Subject: Re: more on dinode
To: Erik E. Fair <>
From: Chris G. Demetriou <>
List: tech-kern
Date: 12/03/1997 13:29:36

> The Mac had to use PIC - after all, the original system was based on the
> Motorola 68000, and an MMU was an extra-cost chip that they felt they didn't
> need.

They could have gotten by with something MMU-like, but not a real MMU
as we know it.  The 68000 coudln't restart instructions, and therefore
to do real Virtual Memory MMU functionality you'd need the gross
dual-68000 hack (as i'm sure you're aware).  I suppose they could have
done something like linking CODE segments at fixed addresses, and
loading the pseudo-MMU (really just some circuitry to do translation)
to point the right addresses to the right memory when the CODE
segments were locked (rather than locking them then fixing up the CODE
0 jump table)...  However, given the (beautiful, in my opinion)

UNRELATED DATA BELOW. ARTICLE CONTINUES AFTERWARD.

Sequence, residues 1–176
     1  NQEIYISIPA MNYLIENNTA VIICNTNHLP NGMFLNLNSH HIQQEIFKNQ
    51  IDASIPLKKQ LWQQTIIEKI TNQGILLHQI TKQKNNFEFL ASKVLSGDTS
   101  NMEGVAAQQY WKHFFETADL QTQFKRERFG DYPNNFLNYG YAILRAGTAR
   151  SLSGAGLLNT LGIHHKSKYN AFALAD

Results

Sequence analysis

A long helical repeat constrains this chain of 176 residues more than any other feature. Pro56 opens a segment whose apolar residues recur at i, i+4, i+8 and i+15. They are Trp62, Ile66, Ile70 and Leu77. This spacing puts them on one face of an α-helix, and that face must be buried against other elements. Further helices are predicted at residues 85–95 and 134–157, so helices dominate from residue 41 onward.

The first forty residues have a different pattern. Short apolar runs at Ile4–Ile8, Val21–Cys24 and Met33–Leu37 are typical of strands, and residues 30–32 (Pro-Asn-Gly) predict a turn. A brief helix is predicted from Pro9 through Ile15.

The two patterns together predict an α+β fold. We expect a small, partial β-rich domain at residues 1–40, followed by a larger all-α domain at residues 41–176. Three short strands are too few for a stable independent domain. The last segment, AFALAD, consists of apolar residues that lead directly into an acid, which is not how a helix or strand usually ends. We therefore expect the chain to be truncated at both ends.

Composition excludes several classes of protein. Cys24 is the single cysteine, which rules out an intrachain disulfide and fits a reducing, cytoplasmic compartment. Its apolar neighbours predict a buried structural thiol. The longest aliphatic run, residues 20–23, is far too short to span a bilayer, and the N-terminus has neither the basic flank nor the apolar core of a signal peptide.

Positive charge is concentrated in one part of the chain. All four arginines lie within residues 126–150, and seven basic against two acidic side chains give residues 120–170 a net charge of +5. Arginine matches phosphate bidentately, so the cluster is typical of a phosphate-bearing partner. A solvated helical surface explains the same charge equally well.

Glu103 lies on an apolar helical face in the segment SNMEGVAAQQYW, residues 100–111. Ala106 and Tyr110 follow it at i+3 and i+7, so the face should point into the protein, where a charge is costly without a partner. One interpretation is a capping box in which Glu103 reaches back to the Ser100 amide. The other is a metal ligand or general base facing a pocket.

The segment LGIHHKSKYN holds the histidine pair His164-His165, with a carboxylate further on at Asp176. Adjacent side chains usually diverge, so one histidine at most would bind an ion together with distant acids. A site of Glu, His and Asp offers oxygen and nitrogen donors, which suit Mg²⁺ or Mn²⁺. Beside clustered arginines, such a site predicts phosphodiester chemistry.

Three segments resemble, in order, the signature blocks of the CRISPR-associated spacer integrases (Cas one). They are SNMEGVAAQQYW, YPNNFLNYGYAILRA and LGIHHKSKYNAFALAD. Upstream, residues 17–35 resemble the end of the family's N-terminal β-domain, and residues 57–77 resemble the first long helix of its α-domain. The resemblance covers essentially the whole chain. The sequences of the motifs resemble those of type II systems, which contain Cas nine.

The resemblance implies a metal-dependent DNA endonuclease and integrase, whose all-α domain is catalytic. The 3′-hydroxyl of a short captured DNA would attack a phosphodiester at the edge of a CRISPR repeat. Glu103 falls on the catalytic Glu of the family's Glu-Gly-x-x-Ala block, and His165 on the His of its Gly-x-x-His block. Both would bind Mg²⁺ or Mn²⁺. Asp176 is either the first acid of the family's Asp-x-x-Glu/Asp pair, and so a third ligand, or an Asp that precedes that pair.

simplicity of what they did entirely in software, i'd say their
decision made sense in context.

Of course, over time, context changed.  8-)

Still, i'd say that a smart application developer could get a much,
much better memory footprint from the CODE scheme than they could
using e.g. most UNIXes' VM systems...  (Of course, now memory is
cheap, too... 8-)

> You might find this Technical Note, entitled "Managerial Abuse" interesting:
> It points out some traps that programmers can fall into by abusing
> the various facilities that the MacOS provides, including the
> "Resource Manager."

*chuckle* And in my time as a Mac programmer, I abused three of the
four facilities they mention, in almost exactly the ways described.